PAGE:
How will Commodity Boards be assured that their funding is used only for projects that fit their needs and interests?

Answer: NIFA will only use a commodity board’s funding to co-fund a project if the project has received a letter of support from the commodity board specifically indicating that the commodity board is willing to co-fund it. To be considered for co-funding by NIFA and a commodity board, applicants should request letters of support directly from the commodity board prior to or shortly after submitting their application. They will then have 60 days after the application deadline to provide NIFA with the letter from the commodity board. Commodity boards should respond promptly to requests for letters of support and only provide letters for projects they are willing to co-fund.

Can Commodity Boards suggest reviewers?

Those interested in serving on a peer-review panel may contact the National Program Leader listed in the RFA. For more information, please visit: https://nifa.usda.gov/panelist-information.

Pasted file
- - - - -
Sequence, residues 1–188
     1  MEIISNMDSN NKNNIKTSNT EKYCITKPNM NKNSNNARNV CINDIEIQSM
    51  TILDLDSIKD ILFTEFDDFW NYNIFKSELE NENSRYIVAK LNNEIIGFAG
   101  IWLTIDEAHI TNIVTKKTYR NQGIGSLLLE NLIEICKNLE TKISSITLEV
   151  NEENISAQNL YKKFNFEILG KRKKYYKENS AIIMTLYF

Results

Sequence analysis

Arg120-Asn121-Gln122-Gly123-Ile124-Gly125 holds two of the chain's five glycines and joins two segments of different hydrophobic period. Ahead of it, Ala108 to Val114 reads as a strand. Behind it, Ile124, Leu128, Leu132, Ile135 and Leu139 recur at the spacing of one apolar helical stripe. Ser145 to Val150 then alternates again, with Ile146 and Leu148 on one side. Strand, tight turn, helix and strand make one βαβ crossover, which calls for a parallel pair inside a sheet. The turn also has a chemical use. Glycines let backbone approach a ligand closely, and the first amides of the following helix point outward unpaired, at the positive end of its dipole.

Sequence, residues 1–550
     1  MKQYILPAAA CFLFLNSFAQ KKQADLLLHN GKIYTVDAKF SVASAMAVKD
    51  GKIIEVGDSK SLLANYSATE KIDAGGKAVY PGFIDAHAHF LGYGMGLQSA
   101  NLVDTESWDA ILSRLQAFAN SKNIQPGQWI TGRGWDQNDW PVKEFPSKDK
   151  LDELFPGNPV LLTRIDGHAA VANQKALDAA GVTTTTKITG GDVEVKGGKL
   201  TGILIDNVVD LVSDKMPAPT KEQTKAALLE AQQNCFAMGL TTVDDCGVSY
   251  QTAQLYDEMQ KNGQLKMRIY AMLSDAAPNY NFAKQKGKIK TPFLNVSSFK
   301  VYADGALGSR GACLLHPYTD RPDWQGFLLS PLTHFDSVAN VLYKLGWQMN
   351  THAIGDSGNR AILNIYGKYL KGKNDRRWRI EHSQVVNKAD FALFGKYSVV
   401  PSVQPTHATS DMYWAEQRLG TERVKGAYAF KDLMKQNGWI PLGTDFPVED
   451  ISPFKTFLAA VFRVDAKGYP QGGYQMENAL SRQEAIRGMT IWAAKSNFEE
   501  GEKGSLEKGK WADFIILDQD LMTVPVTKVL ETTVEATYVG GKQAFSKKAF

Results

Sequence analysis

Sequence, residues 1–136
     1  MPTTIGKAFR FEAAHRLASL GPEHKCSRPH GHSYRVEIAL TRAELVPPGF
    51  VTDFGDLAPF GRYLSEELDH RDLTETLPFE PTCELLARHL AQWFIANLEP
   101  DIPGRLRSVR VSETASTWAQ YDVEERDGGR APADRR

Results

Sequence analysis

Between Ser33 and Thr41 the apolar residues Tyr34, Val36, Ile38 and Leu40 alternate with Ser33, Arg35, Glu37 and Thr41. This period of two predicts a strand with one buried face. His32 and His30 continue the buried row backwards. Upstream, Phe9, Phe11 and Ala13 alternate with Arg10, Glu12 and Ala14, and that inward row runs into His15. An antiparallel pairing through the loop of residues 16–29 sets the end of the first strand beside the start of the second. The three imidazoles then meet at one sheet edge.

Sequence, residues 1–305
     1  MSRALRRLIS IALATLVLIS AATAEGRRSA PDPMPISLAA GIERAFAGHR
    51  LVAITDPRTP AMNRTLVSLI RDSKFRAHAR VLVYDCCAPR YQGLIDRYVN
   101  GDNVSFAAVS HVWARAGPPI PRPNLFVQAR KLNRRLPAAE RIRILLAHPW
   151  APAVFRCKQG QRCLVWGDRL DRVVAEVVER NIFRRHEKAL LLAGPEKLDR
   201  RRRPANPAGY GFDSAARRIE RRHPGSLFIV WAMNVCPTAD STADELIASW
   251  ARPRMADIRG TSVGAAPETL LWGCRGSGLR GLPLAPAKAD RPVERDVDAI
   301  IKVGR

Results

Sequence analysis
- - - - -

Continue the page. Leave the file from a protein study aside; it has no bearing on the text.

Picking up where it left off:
Will Commodity Boards have access to the panel reviews prior to submitting their letter(s) of support?

Answer: The application and letters of support will be submitted prior to the panel review process. Our intention is that through the letter of support, commodity boards are able to identify any and all projects they are interested in co-funding. Reviews produced by the panel are confidential.

Can applications be funded without a Commodity Board letter of support? 

Answer: NIFA will not use a commodity board’s funds to support projects that do not have a letter of support from the commodity board specifically indicating that the commodity board is willing to co-fund the project. NIFA may use NIFA funds to make an award for highly rated applications without a letter of support, or NIFA may ask the appropriate commodity board to consider co-funding such proposals if their funding has not been allocated for other projects. 
 

Can only research entities in the United States submit? If so, can a researcher in another country collaborate with a researcher in the US and submit a proposal for consideration?

Answer: For AFRI programs, eligibility is very broad. The lead Project Director must be at a U.S. entity, but collaborators can be international. The RFA will contain detailed information about applicant eligibility.